Volcano Choir – Repave

volcanochoirrepave

Released: September 3, 2013

Label: Jagjaguwar

Producer:  Justin Vernon

Genre: Indie, Ambient, Experimental, Post-Rock

Tracklist:

01 Tiderays
02 Acetate
03 Comrade
04 Byegone
05 Alaskans
06 Dancepack
07 Keel
08 Almanac

Justin Vernon has a lot of projects going on. The music that he makes as Bon Iver, leaves itself wide open to interpretation. But, it’s definitely “serious”. No one ever classifies it as “fun music”. On this second Volcano Choir LP called Repave, I think they chose a lighter, more fun approach. This is an arena-rock, grand experimental post-rock album that is undeniable in beauty and lyrical majesty.

Well let me add something to that previous statement. Fun, a bit stoned. Cause it must be really fun to play the thumb pianos when you’re stoned and indulging in the least accessible ideas. “With enough kif/ you can really bore someone” is the most straightforward and sound advice you’ll get from Vernon, though he sings it with chesty zeal on “Byegone” like it’s a regal proclamation. They seem to be less concerned in getting high and more interested achieving some kind of spiritual status and uplift, while getting the listener to feel some of that too.

The whole album can be described as “Power Balladry” (I know its a bit tacky), drawing stuff from 1980s most popular and a touch their own in it. The album opens up with a perfect overdriven organ and booming drums, while Vernons falsetto towers over the whole of “Tiderays” where Brian Eno and Genesis meet. The “Byegone” comes with its grizzly folke-tuned aura where Arcade Fire might have something to do with that. You can guess from the album cover what feelings and emotions Volcano Choir are trying to evoke, but with such magical and cohesive aesthetics in this album, they definitely don’t need that cover to prove their point. Most of the songs begin and end in a quiet manner so when those crescendos it, you can almost envision the waves crashing onto one another, and when Vernon rises up to his falsettos its almost like the seagulls are startled and are flying away from that crash. But there never is a feeling of reaching shore anywhere in Repave.

THAT, is the very definition of a “power ballad”. An intimate, almost gentle song, blown to a proportion where you have to call it epic, and in the end everyone identifies with that song to the point they think it was written for them. Instrumentally, its as though Volcano Choir took the most booming parts of every Bon Iver song and made an album out of them. They still use their tricky guitars but polished and shined to the point where you no longer recognize that that’s the same guitar that Vernon uses for “Skinny Love”. Their sound shifts from folky to majestic, grand and “churchy”. As if to say every sound they make and evoke a place; that place is THE place. If it’s a canyon, it’s the Grand Canyon. If it’s church, it’s the Vatican! My point is Repave sounds so amazing, beautiful and full of that Bon Iver clarity that its almost intimidating. Even when the last two tracks, “Keel” and “Almanac” start to differ a bit from the rest.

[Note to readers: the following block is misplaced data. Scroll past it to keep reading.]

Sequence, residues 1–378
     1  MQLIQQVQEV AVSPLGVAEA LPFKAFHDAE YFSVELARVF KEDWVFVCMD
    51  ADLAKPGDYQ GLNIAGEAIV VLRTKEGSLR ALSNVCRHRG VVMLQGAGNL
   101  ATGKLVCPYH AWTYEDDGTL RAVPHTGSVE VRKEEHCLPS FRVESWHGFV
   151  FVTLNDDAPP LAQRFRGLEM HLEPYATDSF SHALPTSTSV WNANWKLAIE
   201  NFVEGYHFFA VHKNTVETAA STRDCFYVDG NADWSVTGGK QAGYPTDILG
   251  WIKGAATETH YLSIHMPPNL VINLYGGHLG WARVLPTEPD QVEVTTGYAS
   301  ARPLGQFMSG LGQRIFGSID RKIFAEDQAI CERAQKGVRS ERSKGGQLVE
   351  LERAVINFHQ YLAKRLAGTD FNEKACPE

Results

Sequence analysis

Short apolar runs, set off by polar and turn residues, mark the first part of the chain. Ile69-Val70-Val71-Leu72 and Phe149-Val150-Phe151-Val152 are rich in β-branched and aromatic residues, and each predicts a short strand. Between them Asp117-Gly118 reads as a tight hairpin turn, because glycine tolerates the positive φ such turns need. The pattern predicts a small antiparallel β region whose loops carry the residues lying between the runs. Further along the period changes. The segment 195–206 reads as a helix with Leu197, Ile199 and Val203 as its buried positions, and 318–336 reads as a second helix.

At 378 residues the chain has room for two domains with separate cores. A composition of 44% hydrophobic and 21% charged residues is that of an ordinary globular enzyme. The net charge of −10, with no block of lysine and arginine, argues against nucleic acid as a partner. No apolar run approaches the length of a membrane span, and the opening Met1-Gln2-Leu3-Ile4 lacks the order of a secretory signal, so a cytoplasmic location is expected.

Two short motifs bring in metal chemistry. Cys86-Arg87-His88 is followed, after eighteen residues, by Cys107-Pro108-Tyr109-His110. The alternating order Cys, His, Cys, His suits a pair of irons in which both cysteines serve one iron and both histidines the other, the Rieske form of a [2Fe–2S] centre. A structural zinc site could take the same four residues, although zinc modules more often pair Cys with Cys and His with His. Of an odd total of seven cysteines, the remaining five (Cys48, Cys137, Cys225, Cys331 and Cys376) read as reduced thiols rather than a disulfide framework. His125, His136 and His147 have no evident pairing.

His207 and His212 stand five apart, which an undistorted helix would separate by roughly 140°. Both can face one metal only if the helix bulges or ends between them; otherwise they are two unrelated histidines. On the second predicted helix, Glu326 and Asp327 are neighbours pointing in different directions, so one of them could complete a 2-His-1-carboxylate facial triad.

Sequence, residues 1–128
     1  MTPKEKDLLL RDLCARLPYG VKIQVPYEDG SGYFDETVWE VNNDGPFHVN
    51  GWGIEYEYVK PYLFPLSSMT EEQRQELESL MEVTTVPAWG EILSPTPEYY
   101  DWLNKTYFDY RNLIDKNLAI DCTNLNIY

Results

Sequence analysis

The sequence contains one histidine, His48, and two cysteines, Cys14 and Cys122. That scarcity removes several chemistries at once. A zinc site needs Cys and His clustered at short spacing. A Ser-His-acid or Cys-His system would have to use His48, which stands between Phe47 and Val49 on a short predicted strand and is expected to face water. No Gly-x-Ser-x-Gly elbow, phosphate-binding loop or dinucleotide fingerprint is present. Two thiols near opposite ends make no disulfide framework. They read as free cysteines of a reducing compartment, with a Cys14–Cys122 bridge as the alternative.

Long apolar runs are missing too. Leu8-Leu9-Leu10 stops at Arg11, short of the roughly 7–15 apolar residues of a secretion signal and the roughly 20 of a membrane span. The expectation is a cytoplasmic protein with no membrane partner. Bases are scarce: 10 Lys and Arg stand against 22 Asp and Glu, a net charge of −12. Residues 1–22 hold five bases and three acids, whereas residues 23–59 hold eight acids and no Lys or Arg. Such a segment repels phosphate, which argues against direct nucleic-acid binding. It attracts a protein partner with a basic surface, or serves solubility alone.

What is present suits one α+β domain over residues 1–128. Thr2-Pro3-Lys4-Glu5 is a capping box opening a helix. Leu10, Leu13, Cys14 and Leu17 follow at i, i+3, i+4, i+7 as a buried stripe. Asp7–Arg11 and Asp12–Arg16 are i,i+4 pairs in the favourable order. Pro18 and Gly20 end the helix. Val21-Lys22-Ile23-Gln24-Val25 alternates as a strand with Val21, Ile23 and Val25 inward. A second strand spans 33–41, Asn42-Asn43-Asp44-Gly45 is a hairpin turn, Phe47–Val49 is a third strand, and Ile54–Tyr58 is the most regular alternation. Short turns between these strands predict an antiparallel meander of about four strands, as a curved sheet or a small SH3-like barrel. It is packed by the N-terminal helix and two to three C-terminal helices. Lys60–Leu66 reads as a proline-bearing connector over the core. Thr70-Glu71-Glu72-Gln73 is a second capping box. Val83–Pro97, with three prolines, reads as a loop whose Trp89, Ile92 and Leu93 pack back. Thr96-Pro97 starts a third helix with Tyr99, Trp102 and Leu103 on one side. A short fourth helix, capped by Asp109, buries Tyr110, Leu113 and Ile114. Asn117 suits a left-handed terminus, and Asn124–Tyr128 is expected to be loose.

The album is more a visual really than a sound. As he explained to Ryan Dombal of Pitchfork, Volcano Choir doesn’t just sound romantic or like make-out music, it’s distinctly sexual. When he sings “We’re talkin’ real love” in a seductive lower register on “Alaskans”, it’s like the drums were removed so you can hear the adulation of the crowd in your mind.

The real heaviness of Repave comes from its lyrics. Had Vernon done away with lyrics completely and gone Wisconsin Hopelandic on us, Repave might be worthy of being called the third Bon Iver album, which it sorta is– the majestic choruses of “Tiderays” and “Comrade” are way more in line with Bon Iver’s “Perth” or “Calgary” than anything on Unmap (their first album as Volcano Choir). But too often, Vernon’s lyrics range from puzzling to utterly too goofy to ignore, creating a discomfiting dissonance with the stone cold sobriety of the music.

At one time Vernon explained that they carnality of the lyrics is essential in explaining ate evoking that intimidating feeling that he wants to achieve through indie rock: “It’s been built up so hard and so high that people are afraid…I’m talking about how what happens between people is so misunderstood even between the people who are having sex. Maybe some of the lyrics on this record are my way of cracking the egg.” Repave is a very realistically sexualized record but not in the way he envisioned. Sometimes its too tangled up in loopinnes and obscurity that undermines the entire album. One false move and its all down. All in all its worth a listen or two. Especially it’s centerpiece, “Comrade” (watch below):

“Comrade”:

 

“Byegone”:

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